Another potential disaster: Marion County Coroner Kenneth Ackles' decision to terminate the contract with the group of board-certified forensic pathologists associated with Indiana University who have been performing the autopsies. Such highly qualified professionals number only about 400 in the entire country. Since the contract will terminate on Dec. 19, there is not time to recruit quality replacements because it could take many months to find them. The National Association of Medical Examiners has not even heard from Dr. Ackles, a chiropractor, about replacements.
The specialized expertise of the highest quality forensic pathologists is crucial to providing competent medical evidence to determine the manner and cause of death. This has important implications for life insurance payments to families, and for obtaining homicide convictions including child abuse cases.
In 1993, the Marion County coroner terminated the contract with the forensic pathologists at Indiana University. They proved impossible to replace, and until their contract was restored Marion County suffered through a time of botched autopsies by inadequately trained and otherwise professionally problematic pathologists. Criminal investigations and prosecutions were compromised.
You would have thought we would have learned from our mistake after the disastrous tenure of former coroner Karl Manders during the early 1990s as Feldman reminds us of. Instead, we are repeating the same mistake, which will invariably lead to more botched autopsies and compromised criminal prosecutions. Feldman believes replacing the coroners with regional pathologist medical examiners under the authority of a state-appointed medical examiner within the Department of Health is a good alternative. His idea, however, will require a constitutional amendment, which means it will take at least four years to become a reality. The legislature needs to act quickly on this idea. Forget the same-sex marriage amendment. We have a more pressing need--the value we place on human lilfe.
Monday, November 20, 2006
White proposed reducing the number of precincts in Marion County by one-third, reducing the number from 914 to about 600. It's a good idea, but when Republican County Clerk Doris Ann Sadler proposed the same idea two years ago, Mayor Peterson refused to implement the change. White, who has been a deputy mayor and the administration's point person on election issues, had no good explanation for Peterson's lack of support in the past. We're only supposed to consider the fact that he now supports it because she's going to be running the office.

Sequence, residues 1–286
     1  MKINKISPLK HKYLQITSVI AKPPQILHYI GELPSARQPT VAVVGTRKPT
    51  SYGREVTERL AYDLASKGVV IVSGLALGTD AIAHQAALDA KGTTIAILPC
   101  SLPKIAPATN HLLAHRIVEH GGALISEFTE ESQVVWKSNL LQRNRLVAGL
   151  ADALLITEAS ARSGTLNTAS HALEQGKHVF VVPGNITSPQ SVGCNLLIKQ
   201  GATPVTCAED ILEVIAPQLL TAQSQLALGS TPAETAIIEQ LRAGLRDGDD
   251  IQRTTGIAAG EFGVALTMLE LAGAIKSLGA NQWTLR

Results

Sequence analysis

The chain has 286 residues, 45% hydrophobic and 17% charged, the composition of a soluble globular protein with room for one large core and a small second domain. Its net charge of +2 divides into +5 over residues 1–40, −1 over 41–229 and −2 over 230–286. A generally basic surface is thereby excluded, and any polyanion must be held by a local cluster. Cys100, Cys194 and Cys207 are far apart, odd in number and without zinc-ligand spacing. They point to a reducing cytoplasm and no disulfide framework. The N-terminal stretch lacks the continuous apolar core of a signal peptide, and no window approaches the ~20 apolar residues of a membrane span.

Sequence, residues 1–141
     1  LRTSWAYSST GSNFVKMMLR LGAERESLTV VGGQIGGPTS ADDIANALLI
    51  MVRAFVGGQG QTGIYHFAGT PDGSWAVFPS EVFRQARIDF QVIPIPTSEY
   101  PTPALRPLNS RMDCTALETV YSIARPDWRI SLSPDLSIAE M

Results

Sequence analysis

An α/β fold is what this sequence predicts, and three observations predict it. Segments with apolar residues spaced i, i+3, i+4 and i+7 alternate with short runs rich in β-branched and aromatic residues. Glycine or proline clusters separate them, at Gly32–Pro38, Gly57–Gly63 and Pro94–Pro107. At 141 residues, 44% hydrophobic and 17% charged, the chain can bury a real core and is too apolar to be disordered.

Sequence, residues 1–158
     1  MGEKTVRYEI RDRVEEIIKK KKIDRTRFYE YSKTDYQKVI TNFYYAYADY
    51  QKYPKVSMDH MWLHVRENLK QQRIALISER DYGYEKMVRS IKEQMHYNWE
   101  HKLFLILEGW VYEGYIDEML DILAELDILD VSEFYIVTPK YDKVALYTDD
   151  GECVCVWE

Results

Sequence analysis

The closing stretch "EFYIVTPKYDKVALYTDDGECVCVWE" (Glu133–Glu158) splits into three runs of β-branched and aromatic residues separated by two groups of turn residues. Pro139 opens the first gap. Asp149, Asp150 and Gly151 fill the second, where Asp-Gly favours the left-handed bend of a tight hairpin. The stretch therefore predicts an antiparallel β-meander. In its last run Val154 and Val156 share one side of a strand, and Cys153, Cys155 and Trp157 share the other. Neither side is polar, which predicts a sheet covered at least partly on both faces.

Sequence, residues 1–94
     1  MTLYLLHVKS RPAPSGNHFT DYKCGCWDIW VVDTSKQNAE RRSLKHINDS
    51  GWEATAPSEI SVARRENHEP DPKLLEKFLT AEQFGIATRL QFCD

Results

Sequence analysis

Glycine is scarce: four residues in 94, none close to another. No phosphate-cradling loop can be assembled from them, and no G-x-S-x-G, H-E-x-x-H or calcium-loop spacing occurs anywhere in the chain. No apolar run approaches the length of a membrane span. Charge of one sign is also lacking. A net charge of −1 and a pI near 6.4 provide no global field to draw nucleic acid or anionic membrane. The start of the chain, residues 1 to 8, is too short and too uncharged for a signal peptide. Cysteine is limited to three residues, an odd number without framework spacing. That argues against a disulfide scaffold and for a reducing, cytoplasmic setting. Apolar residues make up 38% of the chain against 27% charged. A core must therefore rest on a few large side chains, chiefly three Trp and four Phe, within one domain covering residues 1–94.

White also plans to increase training for poll workers, seek state legislation which would permit all absentee ballots which are sent by election day to be counted and to hold election equipment vendors responsible for equipment failure. White's ideas are all well and good. It's just too bad that Democrats are so blatantly partisan that they do everything possible to block Republican officeholders' ideas like they did earlier this year with respect to Prosecutor Carl Brizzi's suggestions for relieving jail over-crowding and as they did with Sadler's suggestions two years ago. And the same applies to Republican councilors who vote against government consolidation, a Republican brainchild of former Mayor Richard Lugar (R), simply because it's now being pushed by a Democratic mayor.
White had better start taking a hard look at Marion County's election vendor, ES&S. Not only did the company have problems with its machines in Indianapolis once again, but elsewhere, their problems were worse. In a hotly contested Florida congressional race to choose Rep. Kathryn Harris' (R) successor, ES&S voting machines in Sarasota County may have failed to count the votes of one in six voters, unless we're to belive that nearly 18,000 voters simply skipped the congressional race on the ballot. These were touch-screen machines which provide no paper trail in the event of a recount. These voters are simply disenfranchised because of ES&S's malfunctioning equipment. We can't afford to have this happen here.
Those nine Democrats who favor marriage equality will be at odds with Reps. elect Brad Ellsworth (Ind.) and Nicholas Lampson (Texas), who support a federal constitutional amendment to ban same-sex marriage.Notwithstanding their poor records of support on GLBT rights, Indiana Equality's John Clower boasts of the election of the three new Democrats:
Indiana’s three new representatives, meanwhile, offered no clear stance on civil unions, and at least two campaigned against gay marriage. Their victories drew uneasy support from gay activists.
“We are happy with the election of these three people,” said Indiana Equality Chair John Clower. “They helped remove the party in control that has not been supportive on issues of concern to GLBT people in our state.”
But he noted the three were just “marginally better” than the GOP incumbents they will replace.
Ellsworth, who supports the marriage amendment, defeated Rep. John Hostettler, who backed a House bill to stop federal courts from ruling on marriage-related issues.
Joseph Donnelly and Baron Hill, the state’s other new House members, are social conservatives who maintain ambiguous or hostile stances on gay rights issues.
Clower doesn't acknowledge that Hostettler was actually the only GOP congressman from Indiana to vote against the federal amendment to ban same-sex marriages, albeit for reasons other than support for the GLBT community. I guess Clower's message to Indiana's GLBT community is that a Democrat is always better than a Republican whether he votes with you on any issues or not.
According to records on file with Indiana's Election Division, the newly-formed Indiana Equality Political Action Committee raised zero contributions during this past election cycle and had zero expenditures. Clower, however, was quick to take partial credit after the election for the Democrats take-over of the Indiana House, even though one of the most pro-gay rights legislators, Rep. Ed Mahern (D-Indianapolis) in the Indiana House lost his re-election to Republican Jon Elrod. Elrod, however, is probably better on GLBT issues than any Republican legislator elected in recent memory.